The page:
The power tool 2014 of this embodiment of the invention also includes a display 2018. Preferably, the display 2018 can illustrate graphics as well as alphanumeric text. The power tool 2014 may also include audible or tactile output devices (not shown). Also included are input devices 2020. As illustrated, input devices 2020 are push buttons. Alternative input devices 2020 include touch screens and switches. Further, it is contemplated that an entire miniature keyboard may be included. With the input device 2020, the power tool operator can respond to questions and comments from the service provider 1002 and even input questions for the service provider 1002. Thus, both data and messages can be sent back and forth from the power tool operator to the service provider 1002 via the clearinghouse 1006. The data may include “raw” data, that is, unanalyzed data. However, in some embodiments of the invention, the power tool 2014 is also provided with memory (not shown) and software that can analyze the sensor data. Thus, the service provider 1002 can be provided with both raw and analyzed data. In still other embodiments of the invention, the power tool 2014 is provided with a receptacle 2023 adapted to receive a program cartridge (not shown). In this embodiment, the program cartridge may include the instructions to adapt the power tool 2014 to operate in the power tool system. That is, the program cartridge may include instructions for operating the sensors 2016, the microprocessor 2012, the communications device 2010, the display 2018 and the input devices 2020.

In the preceding embodiments, and those that follow, it is possible to download the manufacturer's specifications from the network and/or record compliance with those specifications. The following is non-limiting example of one method of present invention illustrating a way of accomplishing this. In other embodiments of the method certain aspects may be omitted. In still other embodiments, additional aspects may be included. Further, the method need not be performed in the exact order presented herein but may be varied as desired by the user.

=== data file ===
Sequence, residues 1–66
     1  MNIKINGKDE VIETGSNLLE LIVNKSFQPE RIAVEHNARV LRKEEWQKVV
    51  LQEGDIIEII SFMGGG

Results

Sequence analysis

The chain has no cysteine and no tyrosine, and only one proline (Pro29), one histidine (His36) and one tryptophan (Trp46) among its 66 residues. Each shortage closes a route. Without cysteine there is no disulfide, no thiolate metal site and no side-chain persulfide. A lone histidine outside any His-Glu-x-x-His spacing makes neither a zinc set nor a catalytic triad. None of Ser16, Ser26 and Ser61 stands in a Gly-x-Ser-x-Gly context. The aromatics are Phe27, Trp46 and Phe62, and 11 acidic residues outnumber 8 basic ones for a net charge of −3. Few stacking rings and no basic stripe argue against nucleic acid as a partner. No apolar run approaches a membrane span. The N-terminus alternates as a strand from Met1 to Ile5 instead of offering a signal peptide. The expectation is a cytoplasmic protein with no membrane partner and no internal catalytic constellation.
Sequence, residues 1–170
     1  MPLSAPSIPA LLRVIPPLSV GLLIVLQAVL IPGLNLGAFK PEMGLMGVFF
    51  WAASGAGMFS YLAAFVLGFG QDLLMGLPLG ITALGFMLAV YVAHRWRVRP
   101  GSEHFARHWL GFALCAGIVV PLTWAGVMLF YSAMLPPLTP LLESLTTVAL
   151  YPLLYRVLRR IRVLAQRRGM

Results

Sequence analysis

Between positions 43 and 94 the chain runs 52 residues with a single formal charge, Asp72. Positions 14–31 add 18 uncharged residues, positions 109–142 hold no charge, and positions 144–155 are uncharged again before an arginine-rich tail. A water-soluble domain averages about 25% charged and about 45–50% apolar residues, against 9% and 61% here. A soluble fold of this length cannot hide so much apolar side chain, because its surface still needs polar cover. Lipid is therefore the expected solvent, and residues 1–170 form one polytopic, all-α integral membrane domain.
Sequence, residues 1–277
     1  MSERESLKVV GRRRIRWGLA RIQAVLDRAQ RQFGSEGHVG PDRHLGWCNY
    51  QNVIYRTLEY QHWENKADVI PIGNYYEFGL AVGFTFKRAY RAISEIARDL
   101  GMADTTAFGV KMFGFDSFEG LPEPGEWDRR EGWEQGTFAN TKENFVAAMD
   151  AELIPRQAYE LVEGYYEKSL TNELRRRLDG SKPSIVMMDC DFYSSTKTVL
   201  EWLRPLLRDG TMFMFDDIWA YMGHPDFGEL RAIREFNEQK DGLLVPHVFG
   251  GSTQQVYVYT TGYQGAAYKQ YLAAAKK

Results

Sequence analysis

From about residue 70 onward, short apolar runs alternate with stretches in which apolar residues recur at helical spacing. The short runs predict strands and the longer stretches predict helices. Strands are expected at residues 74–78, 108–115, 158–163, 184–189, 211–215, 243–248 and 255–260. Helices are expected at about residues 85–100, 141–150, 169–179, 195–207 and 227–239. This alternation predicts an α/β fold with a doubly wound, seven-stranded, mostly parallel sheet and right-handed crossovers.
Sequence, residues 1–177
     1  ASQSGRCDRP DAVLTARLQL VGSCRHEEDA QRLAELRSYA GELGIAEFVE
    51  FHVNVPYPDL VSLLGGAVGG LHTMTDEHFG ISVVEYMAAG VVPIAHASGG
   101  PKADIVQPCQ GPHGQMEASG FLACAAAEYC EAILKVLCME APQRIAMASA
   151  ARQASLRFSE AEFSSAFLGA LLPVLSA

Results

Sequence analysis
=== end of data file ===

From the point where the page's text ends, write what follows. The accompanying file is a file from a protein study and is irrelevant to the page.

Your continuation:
• The tool 2014 queries the user for manufacturer, materials, or job information
    • Manufacturer, materials, or job information is entered manually by user or through barcode scan or radio frequency identification tags
    • The tool 2014 queries the central server and loads into the tool settings for a specific manufacturer, materials, or job specification
    • The tool 2014 records and sends the users actions and sensor results to the central server for long term storage

One example in which this method is advantageous is ensuring manufacturer torque specifications are being followed for wheel lug nuts for automobiles. Other examples include ensuring that fastening, cutting, and measurement specifications are met and monitored. Some of the benefits of the methods of the present invention include increased quality assurance, aiding less experienced workers to adhere to specifications, and recording results for quality and liability purposes.

There are many industrial applications and product and/or machine service and repair applications where the manufacturer or designer has precise specifications for how parts may be constructed, assembled, or fastened. In the automotive field, for example, every manufacturer has precise torque specifications for the lug nuts that fastening the wheels of the vehicle. Currently, service personnel look up the manufacturer specification for lug nut torque on a chart and are responsible for setting their torque wrenches so as not to under or over torque the nut. Because these specifications change from time to time with new makes and models of vehicles, it is difficult to ensure that workers always have the latest manufacturer information and that they are following best practices. Currently there is no effective way for manufacturers, customers, or supervisory personnel to ensure that service personnel are compliant with specifications.